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Mississippi Delta - Agriculture

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Francisco Gonçalves

on 9 October 2012

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Transcript of Mississippi Delta - Agriculture

Altering Human Activity Pesticides Agriculture Case scenario - Mississippi Delta? Case scenario - Mississippi Delta? Case scenario - Mississippi Delta? Eutrophication by Diogo A., Inês L., and Francisco G. Nitrates & Phosphates Introduction The Mississippi River Delta is the modern area of land (the river delta) built up by alluvium deposited by the Mississippi River as it slows down and enters the Gulf of Mexico. Delta = a nearly flat plain of alluvial deposit between diverging branches of the mouth of a river, often, though not necessarily, triangular; Alluvium= A deposit of sand, mud, etc. formed by flowing water. 2000 2010 2005 2002 March What exactly has happened in the Mississippi Delta over the course of human activities (w/ regards to Agricultural practices)? "Hot spot" for the production of cotton. this is a mass produced, agricultural, non-food commodity in the US; its industry accounts for the release of US$2 billion worth of chemical pesticides per year; of these, at least US$19 million worth are considered toxic enough to be classified as hazardous by WHO; 16% of global insecticide releases = about 1 kg of pesticide per hectare of cotton = 1-3% of agricultural workers suffer from acute pesticide poisoning; cotton production has risen dramatically since 1980s, doubling in the last 30 years; ALDICARB = a single drop of this pesticide, if absorbed through the skin, can kill a human adult; in 2003 almost 1 million kg were applied to cotton; as of 2009, ALDICARB is applied to cotton in 25 different countries; And people depend on it... The navigable waterways, including the Mississippi River, support shipping and transit. 1/2 of the population of Louisiana lives near the coast, including in the city of New Orleans = it's unique culture is made up of people whose way of life is tied to the bayous, including Acadians (Cajuns), American Indians and other peoples who have settled there from all over the world. Culturally Economically The coast has extremely productive commercial fisheries.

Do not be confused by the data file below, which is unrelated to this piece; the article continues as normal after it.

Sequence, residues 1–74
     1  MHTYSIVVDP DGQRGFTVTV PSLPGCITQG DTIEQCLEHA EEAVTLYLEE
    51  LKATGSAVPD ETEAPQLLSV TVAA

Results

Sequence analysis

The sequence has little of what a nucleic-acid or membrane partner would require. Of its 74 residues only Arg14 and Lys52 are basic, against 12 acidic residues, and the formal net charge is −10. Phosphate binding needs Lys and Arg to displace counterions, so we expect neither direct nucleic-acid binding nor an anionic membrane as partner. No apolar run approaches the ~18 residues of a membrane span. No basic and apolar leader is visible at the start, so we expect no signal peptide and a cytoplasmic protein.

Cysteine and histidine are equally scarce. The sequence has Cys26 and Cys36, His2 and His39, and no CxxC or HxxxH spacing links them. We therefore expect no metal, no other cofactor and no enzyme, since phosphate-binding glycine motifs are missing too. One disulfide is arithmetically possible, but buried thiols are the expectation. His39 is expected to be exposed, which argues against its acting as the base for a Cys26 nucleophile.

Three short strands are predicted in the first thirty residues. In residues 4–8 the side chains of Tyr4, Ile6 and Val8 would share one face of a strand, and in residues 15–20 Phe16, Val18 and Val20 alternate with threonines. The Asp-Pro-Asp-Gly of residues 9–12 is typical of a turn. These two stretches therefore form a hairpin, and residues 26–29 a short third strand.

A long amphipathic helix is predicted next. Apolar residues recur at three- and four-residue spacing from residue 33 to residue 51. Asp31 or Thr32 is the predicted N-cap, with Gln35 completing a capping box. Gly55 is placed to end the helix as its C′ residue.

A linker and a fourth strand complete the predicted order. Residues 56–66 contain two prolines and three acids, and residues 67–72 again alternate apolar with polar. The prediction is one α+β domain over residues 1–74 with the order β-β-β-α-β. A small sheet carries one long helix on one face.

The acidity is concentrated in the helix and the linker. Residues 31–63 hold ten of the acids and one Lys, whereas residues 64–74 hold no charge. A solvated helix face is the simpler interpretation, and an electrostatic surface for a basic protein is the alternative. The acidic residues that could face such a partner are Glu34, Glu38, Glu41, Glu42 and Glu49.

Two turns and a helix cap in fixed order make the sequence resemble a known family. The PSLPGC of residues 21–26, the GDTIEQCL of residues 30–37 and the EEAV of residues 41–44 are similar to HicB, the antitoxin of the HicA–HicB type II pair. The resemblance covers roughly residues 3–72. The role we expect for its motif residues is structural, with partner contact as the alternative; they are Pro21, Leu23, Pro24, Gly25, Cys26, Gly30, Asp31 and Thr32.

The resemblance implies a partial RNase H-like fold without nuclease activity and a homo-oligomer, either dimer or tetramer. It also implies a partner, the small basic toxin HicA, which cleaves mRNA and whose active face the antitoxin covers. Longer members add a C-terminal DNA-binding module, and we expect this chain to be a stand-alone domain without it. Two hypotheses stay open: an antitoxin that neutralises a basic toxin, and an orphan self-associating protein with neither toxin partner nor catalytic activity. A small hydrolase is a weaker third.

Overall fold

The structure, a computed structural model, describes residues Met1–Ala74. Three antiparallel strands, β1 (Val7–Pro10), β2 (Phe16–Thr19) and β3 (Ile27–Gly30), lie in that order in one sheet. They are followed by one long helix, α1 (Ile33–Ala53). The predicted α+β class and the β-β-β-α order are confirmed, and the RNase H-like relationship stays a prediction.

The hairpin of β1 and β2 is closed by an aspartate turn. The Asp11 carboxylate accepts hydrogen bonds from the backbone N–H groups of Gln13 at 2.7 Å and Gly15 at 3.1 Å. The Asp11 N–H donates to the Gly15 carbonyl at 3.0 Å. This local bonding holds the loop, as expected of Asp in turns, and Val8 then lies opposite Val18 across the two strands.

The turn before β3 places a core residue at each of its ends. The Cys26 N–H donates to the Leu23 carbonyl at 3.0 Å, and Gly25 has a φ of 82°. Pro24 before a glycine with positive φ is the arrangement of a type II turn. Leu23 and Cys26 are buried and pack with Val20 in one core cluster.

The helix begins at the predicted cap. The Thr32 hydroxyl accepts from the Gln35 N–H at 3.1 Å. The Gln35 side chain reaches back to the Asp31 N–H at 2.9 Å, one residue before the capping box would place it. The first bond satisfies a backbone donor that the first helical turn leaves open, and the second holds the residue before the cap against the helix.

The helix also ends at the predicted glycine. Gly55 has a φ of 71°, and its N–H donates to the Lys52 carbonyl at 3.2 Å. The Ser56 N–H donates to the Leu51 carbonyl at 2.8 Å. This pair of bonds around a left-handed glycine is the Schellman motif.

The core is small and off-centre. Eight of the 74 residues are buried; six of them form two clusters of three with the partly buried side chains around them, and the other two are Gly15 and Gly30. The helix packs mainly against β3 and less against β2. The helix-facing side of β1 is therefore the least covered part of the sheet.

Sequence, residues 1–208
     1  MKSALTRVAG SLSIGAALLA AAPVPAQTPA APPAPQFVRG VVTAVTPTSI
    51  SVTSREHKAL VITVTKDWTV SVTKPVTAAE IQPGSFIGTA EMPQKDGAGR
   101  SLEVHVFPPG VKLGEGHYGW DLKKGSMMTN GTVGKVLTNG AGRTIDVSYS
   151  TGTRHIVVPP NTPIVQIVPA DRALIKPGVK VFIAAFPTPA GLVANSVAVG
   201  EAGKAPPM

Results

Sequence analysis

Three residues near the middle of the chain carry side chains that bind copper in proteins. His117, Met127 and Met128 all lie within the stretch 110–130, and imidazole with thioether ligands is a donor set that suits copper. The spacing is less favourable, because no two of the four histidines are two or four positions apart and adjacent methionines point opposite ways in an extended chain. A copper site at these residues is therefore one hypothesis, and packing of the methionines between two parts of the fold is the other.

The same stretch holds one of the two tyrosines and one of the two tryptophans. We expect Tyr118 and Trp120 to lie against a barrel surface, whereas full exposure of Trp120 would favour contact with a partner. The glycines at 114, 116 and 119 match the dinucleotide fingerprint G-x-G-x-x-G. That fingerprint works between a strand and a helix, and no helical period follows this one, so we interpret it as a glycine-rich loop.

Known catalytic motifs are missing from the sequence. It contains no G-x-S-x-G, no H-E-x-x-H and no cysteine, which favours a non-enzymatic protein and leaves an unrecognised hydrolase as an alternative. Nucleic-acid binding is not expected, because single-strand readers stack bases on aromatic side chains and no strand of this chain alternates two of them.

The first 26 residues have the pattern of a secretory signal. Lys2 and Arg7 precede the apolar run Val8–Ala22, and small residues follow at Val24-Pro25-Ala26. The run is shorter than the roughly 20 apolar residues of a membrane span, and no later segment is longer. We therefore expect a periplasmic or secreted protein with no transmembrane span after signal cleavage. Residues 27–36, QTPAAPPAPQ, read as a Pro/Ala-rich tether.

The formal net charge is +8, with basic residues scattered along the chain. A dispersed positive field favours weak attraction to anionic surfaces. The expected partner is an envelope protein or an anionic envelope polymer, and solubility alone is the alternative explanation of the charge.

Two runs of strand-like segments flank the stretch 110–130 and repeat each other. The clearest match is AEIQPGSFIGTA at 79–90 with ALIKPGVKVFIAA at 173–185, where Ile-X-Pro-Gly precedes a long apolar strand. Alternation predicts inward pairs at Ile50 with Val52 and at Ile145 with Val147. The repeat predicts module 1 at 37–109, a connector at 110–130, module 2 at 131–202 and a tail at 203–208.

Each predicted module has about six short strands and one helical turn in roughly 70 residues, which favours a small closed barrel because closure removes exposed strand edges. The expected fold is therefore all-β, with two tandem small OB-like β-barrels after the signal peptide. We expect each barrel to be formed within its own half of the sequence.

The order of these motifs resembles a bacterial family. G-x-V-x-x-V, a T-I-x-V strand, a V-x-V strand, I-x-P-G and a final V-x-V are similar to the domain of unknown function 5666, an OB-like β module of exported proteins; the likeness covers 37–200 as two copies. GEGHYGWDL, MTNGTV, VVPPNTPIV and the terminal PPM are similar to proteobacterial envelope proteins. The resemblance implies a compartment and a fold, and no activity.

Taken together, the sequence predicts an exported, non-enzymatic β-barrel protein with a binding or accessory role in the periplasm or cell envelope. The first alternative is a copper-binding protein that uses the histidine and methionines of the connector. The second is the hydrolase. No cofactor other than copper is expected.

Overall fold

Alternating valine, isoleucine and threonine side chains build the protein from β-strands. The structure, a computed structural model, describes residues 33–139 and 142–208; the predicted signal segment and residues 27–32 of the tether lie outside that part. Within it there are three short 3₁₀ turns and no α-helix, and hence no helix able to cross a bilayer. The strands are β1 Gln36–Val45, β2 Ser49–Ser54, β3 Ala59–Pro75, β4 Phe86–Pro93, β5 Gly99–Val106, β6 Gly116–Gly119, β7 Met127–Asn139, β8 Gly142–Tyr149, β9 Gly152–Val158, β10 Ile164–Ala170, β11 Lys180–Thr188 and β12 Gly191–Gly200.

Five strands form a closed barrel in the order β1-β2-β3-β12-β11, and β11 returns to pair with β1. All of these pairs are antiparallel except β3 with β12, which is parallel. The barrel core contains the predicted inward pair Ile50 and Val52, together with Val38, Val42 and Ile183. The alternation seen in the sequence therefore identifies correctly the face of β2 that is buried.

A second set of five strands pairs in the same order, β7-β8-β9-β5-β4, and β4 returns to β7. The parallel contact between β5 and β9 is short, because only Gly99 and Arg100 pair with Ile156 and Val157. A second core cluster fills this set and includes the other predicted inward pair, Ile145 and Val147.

The wetlands and wildlife draw birders, hunters, anglers, boaters and other outdoor enthusiasts. The offshore oil fields and refineries provide numerous jobs. Biochemical oxygen demand (BOD) = a measure of the amount of dissolved oxygen required to break down the organic material in a given volume of water through aerobic biological activity. = nutrient enrichment of streams, pond and groundwater, due to increased levels of nitrogen/ phosphorus in water bodies. Hypoxic = = It can cause algal blooms, oxygen starvation and eventually the decline of biodiversity in aquatic ecosystems. http://www.google.com/search?sugexp=chrome,mod%3D18&q=eutrophication&safe=active&um=1&ie=UTF-8&hl=pt-PT&tbm=isch&source=og&sa=N&tab=wi&ei=MU5tUJryJceyhAfN5YCwBA&biw=1366&bih=667&sei=OE5tULPkJYu4hAeQvoH4CQ#q=eutrophication&um=1&hl=pt-PT&safe=active&tbm=isch&source=lnt&tbs=isz:l&sa=X&ei=OE5tUJaGOISBhQfMhoGgCg&ved=0CCEQpwUoAQ&bav=on.2,or.r_gc.r_pw.r_qf.&fp=8c25e4601fd5118f&biw=1366&bih=667 Involves =
Increase in nitrates and phosphates in water;
Rapid growth of algae;
Light blocked from submerged aquatic plants;
Accumulation of dead organic matter;
Increased removal of oxygen by decomposers;